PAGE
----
John Boehner has many options, and none of them are good. PHOTO: Gage Skidmore
John Boehner, Speaker of the House and nominal leader of the Republican Party, has a difficult existence. It could be worse—he is rich and famous after all, and when this is all over he can settle into a cushy life of lobbying and giving speeches—but for now it’s hard to be John Boehner. The reason: he has no good options. In short, Boehner is stuck down a path in a Choose Your Own Adventure book where he’s already made too many wrong turns, and there’s nothing he can really do.
Seriously, if you were John Boehner, would you:
Option 1: Put a clean Continuing Resolution (which funds the government with no strings attached) or
Option 2: Keep waiting out the government shutdown in the hopes that the public turns in your favor.
Let’s say you have Boehner choose the first option: The clean CR passes, you appear to be bowing to Obama’s will, you can no longer hold off the Tea Party anger in the 2014 elections and they depose you as Speaker.
Ooh, that’s bad. How about Option 2?
The Republican Party keeps getting hurt in the polls, the narrative shifts to whether they can even hold the House in 2014 and John Boehner has to go on television every day to say that they are doing right by the American people.
Still bad, but at least it improves Boehner’s job security and keeps Republicans united in the short term. So you pick Option 2. Then what?
The government is still shutdown and the debt ceiling needs to be raised soon. Democrats are still not negotiating on Obamacare, and only really want to talk about entitlement reform if it is coupled with revenue increases, another non-starter for your Tea Party caucus. What would you have John Boehner do?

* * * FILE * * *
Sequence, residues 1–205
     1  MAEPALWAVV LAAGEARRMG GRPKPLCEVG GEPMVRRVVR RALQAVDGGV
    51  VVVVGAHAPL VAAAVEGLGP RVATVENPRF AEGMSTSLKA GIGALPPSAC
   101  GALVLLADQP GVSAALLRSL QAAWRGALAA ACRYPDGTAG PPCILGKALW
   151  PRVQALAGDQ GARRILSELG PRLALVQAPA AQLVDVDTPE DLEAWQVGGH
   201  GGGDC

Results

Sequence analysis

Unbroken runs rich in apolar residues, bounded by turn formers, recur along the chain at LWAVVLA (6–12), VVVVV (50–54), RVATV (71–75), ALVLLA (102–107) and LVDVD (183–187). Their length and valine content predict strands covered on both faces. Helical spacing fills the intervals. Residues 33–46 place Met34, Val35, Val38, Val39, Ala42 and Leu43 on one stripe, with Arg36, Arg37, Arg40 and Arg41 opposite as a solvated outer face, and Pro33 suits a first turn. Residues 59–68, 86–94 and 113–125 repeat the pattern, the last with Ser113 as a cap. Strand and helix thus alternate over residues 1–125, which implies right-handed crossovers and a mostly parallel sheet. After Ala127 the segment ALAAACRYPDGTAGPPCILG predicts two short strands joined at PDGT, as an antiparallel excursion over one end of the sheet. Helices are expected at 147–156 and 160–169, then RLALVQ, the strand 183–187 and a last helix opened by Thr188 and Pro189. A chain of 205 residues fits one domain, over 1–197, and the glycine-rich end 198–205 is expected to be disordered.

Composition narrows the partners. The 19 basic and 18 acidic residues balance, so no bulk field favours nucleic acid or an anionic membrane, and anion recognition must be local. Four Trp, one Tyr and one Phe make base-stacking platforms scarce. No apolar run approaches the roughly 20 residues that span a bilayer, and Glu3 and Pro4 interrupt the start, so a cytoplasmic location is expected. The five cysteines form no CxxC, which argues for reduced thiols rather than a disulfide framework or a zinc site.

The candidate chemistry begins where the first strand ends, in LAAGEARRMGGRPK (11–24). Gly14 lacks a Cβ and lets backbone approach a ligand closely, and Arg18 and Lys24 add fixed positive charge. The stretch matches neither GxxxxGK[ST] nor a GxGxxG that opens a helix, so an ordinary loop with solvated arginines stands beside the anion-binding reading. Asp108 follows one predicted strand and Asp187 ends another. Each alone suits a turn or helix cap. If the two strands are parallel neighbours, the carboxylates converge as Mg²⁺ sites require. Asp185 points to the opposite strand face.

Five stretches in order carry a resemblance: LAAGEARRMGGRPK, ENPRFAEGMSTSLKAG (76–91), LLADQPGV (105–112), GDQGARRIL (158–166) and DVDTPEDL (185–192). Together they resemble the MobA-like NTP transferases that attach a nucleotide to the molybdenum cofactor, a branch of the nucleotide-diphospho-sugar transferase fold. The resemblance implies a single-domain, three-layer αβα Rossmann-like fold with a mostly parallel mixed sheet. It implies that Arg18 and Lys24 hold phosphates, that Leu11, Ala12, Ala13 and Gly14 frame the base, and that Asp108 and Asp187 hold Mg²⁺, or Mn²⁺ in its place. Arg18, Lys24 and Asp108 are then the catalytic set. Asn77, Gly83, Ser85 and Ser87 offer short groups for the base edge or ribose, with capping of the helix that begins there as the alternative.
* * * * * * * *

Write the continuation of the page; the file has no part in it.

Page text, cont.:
Option 1: Offer a clean vote on a short-term raise in the debt ceiling.
Option 2: Keep playing chicken with the Democrats and say that you won’t raise the debt ceiling without changes to Obamacare or entitlement programs.
Option 3: Go for a grand bargain that would raise the debt ceiling, end the shutdown, reform the sequester and reform entitlements.
With option 1, you get the debt ceiling raise through, but the Tea Party is angry and threatens your job again. The media begins to openly wonder why John Boehner won’t do the same with the government shutdown, as it that would clearly pass as well.
Option 2 plays well with the GOP base, but Obama knows that you won’t let the country default. The Senate passes a debt-ceiling raise. John Boehner tries to tie raising the debt ceiling together with undoing the medical device tax in Obamacare, but Obama reiterates that he won’t negotiate on the debt ceiling, and Boehner is left back in the same dilemma with time running low.
Option 3: The grand bargain. This is fraught with peril. It would first require a temporary reprieve in the government shutdown and probably the debt ceiling, to give a more comfortable window to negotiate. Even that would be enough to anger the Tea Party, but then the bargain itself could never satisfy Democrats enough to pass and Tea Partiers enough to stop them from trying to fire you. For a grand bargain to be acceptable to Democrats, it has to have stuff they want (like revenue, infrastructure spending, sequester reversal) in addition to raising the debt ceiling and ending the government shutdown.
You can blame the turns John Boehner made earlier in the game, or you can blame the rise of the Tea Party or some combination thereof. Either way, it all leads to the same end one way or the other: John Boehner is screwed.